“The way we’ve gotten around not having vaccines for things like HIV is doing these antiviral cocktails where we target multiple aspects of the virus with small molecules,” she says. “It doesn’t cure the disease, but it does knock it down a few pegs in strength and overall ability to mutate.” 

Beachboard and a fellow Vanderbilt alum, Christopher Stobart, began their research in grad school and recently published a review article in the Journal of General Virology that examines the effects of such antiviral therapeutics. 

The two argue that vaccines can be an effective tool, but if a large percentage of the population opts out of getting vaccinated, the pandemic will only be prolonged. They say small molecules should continue to be developed because molecules that target multiple aspects of a virus can decrease a virus’ likelihood of mutating, thereby slowing its spread.  

Beachboard discusses her research in class, and students in her research lab will work with a coronavirus found in mice that can model highly pathogenic viruses. She says her ability to conduct virus research was one of the biggest draws in coming to DeSales. Another bonus—getting to know her students.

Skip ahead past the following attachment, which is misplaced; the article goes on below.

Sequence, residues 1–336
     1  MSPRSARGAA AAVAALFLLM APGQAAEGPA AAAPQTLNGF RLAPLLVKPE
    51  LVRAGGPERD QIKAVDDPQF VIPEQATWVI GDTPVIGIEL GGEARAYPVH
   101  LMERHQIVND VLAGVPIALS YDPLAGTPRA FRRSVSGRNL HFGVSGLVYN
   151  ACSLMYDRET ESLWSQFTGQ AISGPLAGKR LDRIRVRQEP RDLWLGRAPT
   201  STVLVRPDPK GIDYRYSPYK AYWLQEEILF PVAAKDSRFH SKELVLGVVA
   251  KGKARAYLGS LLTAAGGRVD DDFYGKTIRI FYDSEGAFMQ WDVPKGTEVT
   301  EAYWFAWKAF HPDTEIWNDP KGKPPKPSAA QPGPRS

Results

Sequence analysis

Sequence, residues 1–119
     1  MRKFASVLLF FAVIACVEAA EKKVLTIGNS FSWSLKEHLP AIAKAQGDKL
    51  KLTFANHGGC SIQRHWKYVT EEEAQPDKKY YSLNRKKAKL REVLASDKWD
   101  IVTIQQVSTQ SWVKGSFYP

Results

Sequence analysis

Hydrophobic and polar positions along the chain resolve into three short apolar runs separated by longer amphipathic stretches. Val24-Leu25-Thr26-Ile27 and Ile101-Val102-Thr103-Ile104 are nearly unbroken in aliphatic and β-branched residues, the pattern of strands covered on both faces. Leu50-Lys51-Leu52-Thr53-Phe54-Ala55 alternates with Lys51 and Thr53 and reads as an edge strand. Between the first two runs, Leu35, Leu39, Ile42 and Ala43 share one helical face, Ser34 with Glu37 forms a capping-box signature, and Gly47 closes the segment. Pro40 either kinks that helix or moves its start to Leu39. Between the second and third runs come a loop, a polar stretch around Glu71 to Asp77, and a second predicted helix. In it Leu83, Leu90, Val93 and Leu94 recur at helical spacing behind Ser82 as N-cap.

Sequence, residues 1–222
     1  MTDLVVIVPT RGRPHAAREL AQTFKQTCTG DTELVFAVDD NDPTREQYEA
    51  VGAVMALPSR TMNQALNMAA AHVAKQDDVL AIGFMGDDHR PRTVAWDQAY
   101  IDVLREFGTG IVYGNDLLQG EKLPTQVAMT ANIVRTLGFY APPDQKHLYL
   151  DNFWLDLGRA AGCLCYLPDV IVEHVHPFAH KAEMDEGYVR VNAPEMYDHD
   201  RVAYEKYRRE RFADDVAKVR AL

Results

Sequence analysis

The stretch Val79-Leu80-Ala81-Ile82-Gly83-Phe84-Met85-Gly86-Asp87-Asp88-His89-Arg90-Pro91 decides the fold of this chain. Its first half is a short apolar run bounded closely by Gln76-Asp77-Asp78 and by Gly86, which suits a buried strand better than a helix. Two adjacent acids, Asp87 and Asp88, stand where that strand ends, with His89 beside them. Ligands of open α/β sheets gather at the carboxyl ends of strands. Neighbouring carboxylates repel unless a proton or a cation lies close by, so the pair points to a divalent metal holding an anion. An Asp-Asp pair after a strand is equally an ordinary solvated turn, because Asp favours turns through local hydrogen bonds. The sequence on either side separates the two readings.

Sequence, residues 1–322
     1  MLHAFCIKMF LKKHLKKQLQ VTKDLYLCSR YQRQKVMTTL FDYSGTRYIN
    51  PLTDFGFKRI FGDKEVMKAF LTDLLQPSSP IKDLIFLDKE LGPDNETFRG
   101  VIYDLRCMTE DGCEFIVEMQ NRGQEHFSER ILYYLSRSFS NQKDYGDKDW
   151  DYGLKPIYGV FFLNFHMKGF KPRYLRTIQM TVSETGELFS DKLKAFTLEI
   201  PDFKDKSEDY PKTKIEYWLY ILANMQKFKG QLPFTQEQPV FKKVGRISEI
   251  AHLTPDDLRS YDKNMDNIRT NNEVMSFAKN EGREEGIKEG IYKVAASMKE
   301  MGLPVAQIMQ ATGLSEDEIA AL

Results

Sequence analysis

“I wanted to come to a smaller liberal arts college because that is not an experience that I had as an undergraduate. A lot of my intro classes had 300 students. I didn’t get those interactions with the faculty. I decided I wanted to teach where I can get to know my students and interact with them.”

Dr. Dia Beachboard, assistant professor of biology

While no one knows just how long this pandemic will last, Beachboard says one thing is for certain—the world can expect to see more of these coronaviruses in the future. The biggest question is whether the next one will be like the first SARS outbreak, which didn’t spread until people were symptomatic, or COVID-19. 

“Everybody wanted to say this is going to be just like SARS-CoV 1, and then it went and proved us wrong. That’s the problem with viruses—any time you try to make a rule, they will find a way to break it.”